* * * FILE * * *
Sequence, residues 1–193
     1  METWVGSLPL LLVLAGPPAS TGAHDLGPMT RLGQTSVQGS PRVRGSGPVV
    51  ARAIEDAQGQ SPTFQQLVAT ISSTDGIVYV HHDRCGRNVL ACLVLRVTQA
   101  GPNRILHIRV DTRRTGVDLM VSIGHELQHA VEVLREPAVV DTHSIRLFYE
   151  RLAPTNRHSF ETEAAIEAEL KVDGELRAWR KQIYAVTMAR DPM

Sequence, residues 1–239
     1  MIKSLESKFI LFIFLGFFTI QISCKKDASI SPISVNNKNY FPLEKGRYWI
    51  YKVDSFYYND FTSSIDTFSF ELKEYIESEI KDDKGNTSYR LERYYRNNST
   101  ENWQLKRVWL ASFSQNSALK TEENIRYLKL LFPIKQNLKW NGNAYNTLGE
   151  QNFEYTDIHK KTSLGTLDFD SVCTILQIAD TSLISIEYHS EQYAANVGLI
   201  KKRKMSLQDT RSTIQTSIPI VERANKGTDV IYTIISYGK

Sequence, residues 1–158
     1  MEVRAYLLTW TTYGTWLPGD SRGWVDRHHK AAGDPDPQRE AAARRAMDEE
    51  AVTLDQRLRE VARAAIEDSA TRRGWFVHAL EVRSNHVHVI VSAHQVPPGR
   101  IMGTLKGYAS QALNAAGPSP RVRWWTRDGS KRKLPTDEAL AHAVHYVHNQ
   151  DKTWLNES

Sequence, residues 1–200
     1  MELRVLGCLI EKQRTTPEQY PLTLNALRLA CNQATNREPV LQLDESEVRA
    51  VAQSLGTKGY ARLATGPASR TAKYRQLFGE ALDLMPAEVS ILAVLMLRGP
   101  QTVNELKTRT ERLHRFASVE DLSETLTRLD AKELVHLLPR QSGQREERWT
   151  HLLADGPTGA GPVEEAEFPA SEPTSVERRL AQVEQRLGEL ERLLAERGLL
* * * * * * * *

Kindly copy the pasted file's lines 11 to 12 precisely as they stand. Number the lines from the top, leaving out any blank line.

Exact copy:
   201  KKRKMSLQDT RSTIQTSIPI VERANKGTDV IYTIISYGK

Sequence, residues 1–158